The terrifying albino beekeeper brandishing a fake whooping crane head above is one of the carers at the Patuxent Wildlife Research Center. They want to raise whooping cranes, a beautiful but endangered animal that once had a population of only 16 birds. They don’t want the baby cranes to imprint on humans, because we’re the main reason for the whooper’s incredibly low population. You may have noticed that humans and whooping cranes don’t in any way resemble each other, but that doesn’t mean the humans don’t give it a try. They raise the young birds while wearing whooping crane costumes. This is a technique used at zoos and refuges everywhere. There are all kinds of different surrogates at different facilities. They can range from hand puppets to people in planes (they use gliders to teach birds how to migrate).
If the aliens think you’re young, or you need special guidance in a task, and if they think you’re not a threat, they’ll probably send in a human impersonator. I’d play along. This may be your best chance to get a long look at them.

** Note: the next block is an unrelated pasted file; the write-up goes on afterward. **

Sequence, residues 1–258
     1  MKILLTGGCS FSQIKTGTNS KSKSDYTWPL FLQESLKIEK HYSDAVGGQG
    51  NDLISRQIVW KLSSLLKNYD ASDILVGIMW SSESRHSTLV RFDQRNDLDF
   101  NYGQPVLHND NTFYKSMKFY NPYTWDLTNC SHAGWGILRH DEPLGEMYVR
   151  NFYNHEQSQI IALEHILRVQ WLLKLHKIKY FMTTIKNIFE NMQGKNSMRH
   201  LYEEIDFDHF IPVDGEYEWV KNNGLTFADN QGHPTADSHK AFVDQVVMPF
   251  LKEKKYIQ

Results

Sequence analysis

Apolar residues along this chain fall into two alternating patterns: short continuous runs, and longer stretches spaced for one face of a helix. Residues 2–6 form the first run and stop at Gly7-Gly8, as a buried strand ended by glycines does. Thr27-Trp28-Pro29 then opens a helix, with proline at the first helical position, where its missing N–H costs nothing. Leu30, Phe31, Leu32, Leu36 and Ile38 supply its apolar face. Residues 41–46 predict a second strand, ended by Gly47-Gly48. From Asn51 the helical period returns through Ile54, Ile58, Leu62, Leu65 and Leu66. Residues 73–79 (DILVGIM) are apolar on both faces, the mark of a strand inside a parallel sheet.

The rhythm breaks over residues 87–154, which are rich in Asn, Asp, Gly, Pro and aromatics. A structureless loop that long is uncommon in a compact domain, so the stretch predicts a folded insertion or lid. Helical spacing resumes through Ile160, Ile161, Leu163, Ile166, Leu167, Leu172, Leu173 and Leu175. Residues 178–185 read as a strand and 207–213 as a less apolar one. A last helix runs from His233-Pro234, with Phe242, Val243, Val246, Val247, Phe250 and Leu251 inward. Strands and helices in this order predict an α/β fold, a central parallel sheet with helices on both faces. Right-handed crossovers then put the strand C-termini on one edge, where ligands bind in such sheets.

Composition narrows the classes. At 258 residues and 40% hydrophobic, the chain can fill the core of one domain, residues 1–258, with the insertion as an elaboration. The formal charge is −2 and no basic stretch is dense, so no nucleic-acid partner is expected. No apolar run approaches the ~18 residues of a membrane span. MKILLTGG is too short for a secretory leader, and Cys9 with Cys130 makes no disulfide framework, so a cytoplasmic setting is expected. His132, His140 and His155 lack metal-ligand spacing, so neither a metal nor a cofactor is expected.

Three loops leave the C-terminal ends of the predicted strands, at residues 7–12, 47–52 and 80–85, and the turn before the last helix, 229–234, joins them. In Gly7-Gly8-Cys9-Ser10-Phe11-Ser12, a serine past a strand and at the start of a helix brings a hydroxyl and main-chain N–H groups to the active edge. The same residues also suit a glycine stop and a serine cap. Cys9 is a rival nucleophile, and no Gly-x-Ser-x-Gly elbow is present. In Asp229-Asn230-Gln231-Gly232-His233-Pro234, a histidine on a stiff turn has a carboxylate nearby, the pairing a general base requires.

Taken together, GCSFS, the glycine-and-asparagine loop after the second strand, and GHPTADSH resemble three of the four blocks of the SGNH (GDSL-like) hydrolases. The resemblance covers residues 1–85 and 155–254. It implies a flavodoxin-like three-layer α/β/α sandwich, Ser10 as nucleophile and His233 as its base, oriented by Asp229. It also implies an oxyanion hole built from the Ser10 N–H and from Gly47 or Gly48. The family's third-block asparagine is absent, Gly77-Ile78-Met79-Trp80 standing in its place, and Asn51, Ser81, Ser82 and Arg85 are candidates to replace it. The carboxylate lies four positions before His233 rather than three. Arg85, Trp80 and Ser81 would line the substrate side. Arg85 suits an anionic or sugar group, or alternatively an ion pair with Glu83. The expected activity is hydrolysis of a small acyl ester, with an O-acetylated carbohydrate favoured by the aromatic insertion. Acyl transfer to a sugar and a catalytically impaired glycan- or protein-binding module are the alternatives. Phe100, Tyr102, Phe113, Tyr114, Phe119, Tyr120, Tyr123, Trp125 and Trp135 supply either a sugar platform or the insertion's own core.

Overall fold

Image: Tom Lynn, Getty Images.
Zoos try hard to keep animals healthy and engaged in their environment. One of the techniques they use is giving the animals complicated meals, or at least complicated treats. They’ll throw live fish into the ponds in bear enclosures. They’ll hide lion’s food in the crook of a tree. Sometimes groups of wolves will receive a whole carcass that they have to strip bare. They’ll often give animals “treat balls” — hollow, plastic balls filled with whatever the animal likes to eat. For herbivores like camels and horses, the treat balls probably contain apple chunks or bits of carrot, while carnivores will get jerky or chunks of ham. The balls have small holes in them, and as the animal rolls the balls around the exhibit, the treats fall out and the animal can eat them.